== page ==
. . . why not another?
I know where lamb and beef come from and have no qualms about eating them providing the animal from which the meat came was killed humanely.
I wouldn’t choose to eat dog, horse or rat and I’ve never eaten meat from an animal I’ve known by name. Our pet lambs died of old age unless they accidently got mustered with the general flock and sent to the freezing works.
That is an emotional reaction not a logical one and that’s the best that can be said of the SPCA’s concern over the dog which was barbecued.
The manner in which an animal is killed might be the SPCA’s business, whether people choose to cook and eat it once it’s dead is not.
As Roarprawn says SPCA are not cultural arbiters.
Minister of Health Tony Ryall said on Q&A this morning that 950 health graduates have accepted the voluntary bonding scheme.
They get their student loans written off if they stay and work in hard to staff areas.
They have a financial incentive for staying, which is some compensation for the lower salaries they’ll get here compared with those they’d get if they went overseas; and the country gets much needed health professionals.
The voluntary bonding has been offered to only health professionals and vets.
I’d like to see it increased to other groups with a view to replacing interest-free student loans with bonds.
That way scarce public funds would go to people who graduate and stay here to work, not just anyone who starts studying at a tertiary institution who may or may not complete their studies and may or may not work in New Zealand when they graduate.
125 g butter 125 g sugar
1 cup flour ½ cup coconut
1 tsp baking powder 1 Tblsp cocoa
Cream butter & sugar, add dry ingredients & mix.
Sppon into baking dish, and smooth surface.
Cook at 170 degrees for 15 -20 minutes.
When cool ice with chocolate icing (with coconut added or sprinkled over).
I usually double the mixture when I make it.
Sometimes I add hazelnuts or walnuts.
We were wandering round Duomo Plaza in shorts and short-sleeved shirts appropriate to the mid summer temperatures when we noticed three women encased head to foot in black robes with only their eyes peeping out.
“How awful to have to dress like that,” one said.
“It’s their choice,” another replied.
But is it? Do the women who wear these all-enveloping clothes freely choose to do so?
Even if they do, what does it say about the attitude of their men, if a glimpse of flesh is regarded as obscene or an incitement to lust?
And what happens to women who choose to dress in less concealing clothes?
When the law follows the religious dogma, they risk punishment. Lubna Ahmed Al-Hussein, a Sudanese journalist faces 40 lashes because she wore trousers to a restaurant.
She could claim UN immunity but she wants to be tried in the hope of proving there is nothing in the Koran which makes it wrong to dress as she did.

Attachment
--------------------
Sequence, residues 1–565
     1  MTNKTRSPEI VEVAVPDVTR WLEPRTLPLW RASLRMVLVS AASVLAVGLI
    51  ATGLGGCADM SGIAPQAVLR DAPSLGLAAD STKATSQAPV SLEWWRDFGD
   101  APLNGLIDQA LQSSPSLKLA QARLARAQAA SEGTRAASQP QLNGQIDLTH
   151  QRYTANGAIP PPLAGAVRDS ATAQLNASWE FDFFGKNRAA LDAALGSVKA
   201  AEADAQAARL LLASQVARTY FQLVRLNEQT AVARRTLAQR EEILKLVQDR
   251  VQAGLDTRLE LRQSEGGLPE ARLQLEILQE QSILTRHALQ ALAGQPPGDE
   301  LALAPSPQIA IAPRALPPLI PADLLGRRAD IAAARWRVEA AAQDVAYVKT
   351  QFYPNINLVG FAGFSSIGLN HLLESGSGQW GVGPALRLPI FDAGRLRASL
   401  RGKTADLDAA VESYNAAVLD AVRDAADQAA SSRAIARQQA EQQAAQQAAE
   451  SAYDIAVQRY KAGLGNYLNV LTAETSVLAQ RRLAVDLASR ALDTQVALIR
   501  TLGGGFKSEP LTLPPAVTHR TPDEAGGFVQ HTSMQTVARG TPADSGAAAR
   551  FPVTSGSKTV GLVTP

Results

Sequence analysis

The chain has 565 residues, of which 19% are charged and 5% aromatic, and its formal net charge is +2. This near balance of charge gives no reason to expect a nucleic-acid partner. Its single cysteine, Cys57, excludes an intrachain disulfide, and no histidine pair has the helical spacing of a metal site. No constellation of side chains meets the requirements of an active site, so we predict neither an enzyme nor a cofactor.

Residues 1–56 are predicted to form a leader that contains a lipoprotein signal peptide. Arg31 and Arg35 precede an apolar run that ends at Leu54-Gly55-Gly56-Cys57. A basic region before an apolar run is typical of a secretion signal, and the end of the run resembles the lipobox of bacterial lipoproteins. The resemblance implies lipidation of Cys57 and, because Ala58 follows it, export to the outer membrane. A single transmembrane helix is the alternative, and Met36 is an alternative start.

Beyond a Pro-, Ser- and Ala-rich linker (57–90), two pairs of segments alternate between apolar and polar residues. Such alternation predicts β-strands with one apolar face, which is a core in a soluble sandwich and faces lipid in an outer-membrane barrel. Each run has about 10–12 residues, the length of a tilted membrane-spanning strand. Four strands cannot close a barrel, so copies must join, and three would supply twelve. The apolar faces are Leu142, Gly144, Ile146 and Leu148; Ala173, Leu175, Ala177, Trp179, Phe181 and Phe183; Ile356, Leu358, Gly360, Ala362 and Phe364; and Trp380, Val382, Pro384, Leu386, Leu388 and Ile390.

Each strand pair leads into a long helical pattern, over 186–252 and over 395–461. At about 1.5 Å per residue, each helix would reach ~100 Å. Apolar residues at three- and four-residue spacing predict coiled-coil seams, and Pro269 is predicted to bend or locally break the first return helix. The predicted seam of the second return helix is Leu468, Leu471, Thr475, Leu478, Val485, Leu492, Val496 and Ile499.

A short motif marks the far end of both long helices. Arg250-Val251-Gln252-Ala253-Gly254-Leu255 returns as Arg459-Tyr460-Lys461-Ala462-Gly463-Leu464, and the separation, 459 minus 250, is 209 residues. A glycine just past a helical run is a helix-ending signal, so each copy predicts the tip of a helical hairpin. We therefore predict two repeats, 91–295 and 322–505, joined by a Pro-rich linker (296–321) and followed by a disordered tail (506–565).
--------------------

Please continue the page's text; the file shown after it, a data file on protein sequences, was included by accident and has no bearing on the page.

She’s not alone. The Arab Network for Human Rights Information is backing her.
ANHRI calls on “all human rights NGOs interested in freedom of expression and women’s rights to back up Lubna and make efforts to stop this charade trial that violates all international treaties defending freedom of expression and women’s rights asserting that the Sudanese government persecutes antagonists in every possible way and would not refrain from using the worst laws and practices.”
The women of Vejer de la Frontera in southern Spain used to have to wear the cobijada.
It wasn’t a desire to give women more freedom which led to it being banned, it was security issues. During the Civil War in the late 1930s, men used the cobijada to disguise themselves and conceal weapons so it was outlawed.
No hablo español and hola, ¿cómo está? were among the first phrases I learned in Spanish.
I still can’t say let’s get drunk (though do know that resacar is hangover. It also means undertow and some suffering the former might feel they’ve been caught in the latter).
But I’ve managed to get to an intermediate level with only a couple of naughty words in my Spanish vocabulary. One of those is pajero, pronounced pah hey roe. Mitsubishi didn’t do their homework well when they came up with this name for one of their vehicles, though some think it’s a fitting description of the people who drive them.
Graph from GraphJam.
Inspired by this post at Cactus Kate on International Languages Week.
On August 16:
1888: T.E. Lawrence, Lawrence of Arabia, was born.
1902 Georgette Heyer, English novelist, was born.
1913 Menachem Begin, Israel’s 6th Prime Minister and a Nobel Laureate was born.
1944: CORSO was formed.
1947 Carol Moseley Braun, the first African American elected to the US Senate, was born.
1958 US singer Madonna was born.
1960 Cyprus gained independence.
1977 Elvis Presley died.
Elvis in 1970
Sourced from Wikipedia and NZ History Online.